or, The Hitchhiker’s Guide to Fear and Loathing at a Public Library Reference Desk

Withdrawing Journals: Ithaka Report

   November 10th, 2009

magazinesIn case you missed it, Ithaka release a report in September titled "What to Withdraw: Print Collections Management in the Wake of Digitization" [pdf].

It's really geared towards academic libraries looking to achieve a balance between digitizing journals for access (and repurposing the floorspace they took up), and retaining print journals for preservation purposes.

Being a medium-size public library, our journals are mostly for popular reading, but we do keep a small magazine archive of past issues. The criteria I use on which titles are kept in the archive is basically:

Does this magazine contain information that someone will find useful in two years?

In most cases, this includes things like cooking magazines (for recipes), home improvement/craft/sport magazines (for ideas and tips), those useful for research (like Vital Speeches of the Day), and of course, Consumer Reports (we also have a large [donated] collection of National Geographic, dating back to 1911). But the archive has limited space, so it gets weeded every year to make room for new issues/titles.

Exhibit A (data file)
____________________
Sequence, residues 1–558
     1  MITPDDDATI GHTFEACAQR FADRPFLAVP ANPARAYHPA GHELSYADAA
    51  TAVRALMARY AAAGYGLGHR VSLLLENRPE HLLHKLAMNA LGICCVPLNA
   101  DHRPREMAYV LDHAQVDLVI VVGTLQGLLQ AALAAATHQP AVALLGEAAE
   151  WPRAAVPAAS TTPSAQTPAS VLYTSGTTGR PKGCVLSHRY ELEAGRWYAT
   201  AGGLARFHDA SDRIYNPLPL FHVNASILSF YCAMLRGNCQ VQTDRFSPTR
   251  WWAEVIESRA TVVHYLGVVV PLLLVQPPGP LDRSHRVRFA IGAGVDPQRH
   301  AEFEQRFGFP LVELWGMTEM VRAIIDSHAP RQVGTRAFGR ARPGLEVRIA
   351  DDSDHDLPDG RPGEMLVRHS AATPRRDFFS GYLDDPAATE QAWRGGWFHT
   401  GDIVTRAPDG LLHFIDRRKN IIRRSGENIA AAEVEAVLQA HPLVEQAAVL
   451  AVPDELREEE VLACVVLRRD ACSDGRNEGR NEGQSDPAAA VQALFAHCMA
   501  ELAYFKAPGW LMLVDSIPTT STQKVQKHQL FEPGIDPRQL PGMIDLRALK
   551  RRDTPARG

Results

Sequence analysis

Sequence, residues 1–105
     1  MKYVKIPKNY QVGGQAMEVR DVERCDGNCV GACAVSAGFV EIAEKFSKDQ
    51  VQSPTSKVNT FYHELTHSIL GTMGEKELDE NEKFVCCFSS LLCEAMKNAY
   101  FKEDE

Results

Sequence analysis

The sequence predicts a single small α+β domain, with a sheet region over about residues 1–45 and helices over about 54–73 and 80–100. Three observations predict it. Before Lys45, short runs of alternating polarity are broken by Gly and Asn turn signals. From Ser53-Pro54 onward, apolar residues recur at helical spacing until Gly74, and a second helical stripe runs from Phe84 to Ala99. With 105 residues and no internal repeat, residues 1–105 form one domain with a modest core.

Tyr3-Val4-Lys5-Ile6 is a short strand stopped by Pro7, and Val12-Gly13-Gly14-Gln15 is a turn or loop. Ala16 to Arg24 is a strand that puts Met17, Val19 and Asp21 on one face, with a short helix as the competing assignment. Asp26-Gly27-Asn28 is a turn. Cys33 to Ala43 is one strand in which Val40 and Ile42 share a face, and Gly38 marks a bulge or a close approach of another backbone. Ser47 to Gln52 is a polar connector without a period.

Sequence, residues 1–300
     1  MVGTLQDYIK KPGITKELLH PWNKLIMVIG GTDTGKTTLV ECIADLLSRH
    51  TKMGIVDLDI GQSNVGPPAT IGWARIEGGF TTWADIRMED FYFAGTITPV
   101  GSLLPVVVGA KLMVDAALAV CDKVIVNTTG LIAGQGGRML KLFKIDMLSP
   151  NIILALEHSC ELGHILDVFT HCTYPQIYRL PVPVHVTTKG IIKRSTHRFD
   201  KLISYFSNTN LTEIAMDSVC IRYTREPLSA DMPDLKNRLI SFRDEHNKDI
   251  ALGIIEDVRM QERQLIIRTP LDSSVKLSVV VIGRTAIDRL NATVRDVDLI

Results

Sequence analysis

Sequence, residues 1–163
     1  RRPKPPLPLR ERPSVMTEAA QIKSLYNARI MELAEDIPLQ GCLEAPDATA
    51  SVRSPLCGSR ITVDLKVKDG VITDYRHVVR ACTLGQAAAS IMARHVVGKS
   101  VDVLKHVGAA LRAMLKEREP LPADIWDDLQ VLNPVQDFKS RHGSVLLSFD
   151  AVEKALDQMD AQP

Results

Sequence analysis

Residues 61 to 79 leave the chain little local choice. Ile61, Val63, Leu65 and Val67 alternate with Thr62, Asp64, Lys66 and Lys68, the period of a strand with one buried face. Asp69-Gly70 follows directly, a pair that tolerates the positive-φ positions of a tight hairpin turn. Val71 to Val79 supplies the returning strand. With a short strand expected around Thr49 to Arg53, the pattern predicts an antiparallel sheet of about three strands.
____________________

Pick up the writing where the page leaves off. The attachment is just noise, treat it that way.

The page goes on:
And no discussion of digitized journals would be complete without me mentioning one of my favorite tools, the Boston Public Library's e-Journals by Title search. I make some journal collection development decisions based on what I know I can access through them, and just hope it stays that way.

For more on the Ithaka report, check out their website or Marie Newman's summary on Out of the Jungle.

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2 Responses to “Withdrawing Journals: Ithaka Report”

  1. Winnie Says:

    In our tiny library we keep the current year and a the past year only of our magazines. A patron asked why we didn’t have older issues of a magazine and my co-worker asked “Where would we keep them?” The patron replied she’d be happy to keep them at her house.

  2. Brian Herzog Says:

    @Winnie: That brings up the topic I forgot to mention – what do libraries do with magazines they weed? We have a big wire basket we put them in for patrons to go through and take whatever they want (and almost everything gets taken).

    It’s also just big enough for patrons to bring magazines from home and drop them off, for others to take. We don’t really publicize that part of it, because I’m sure we’d quickly get overwhelmed, but right now it’s more or less self-regulating, and so much better than just throwing them all away.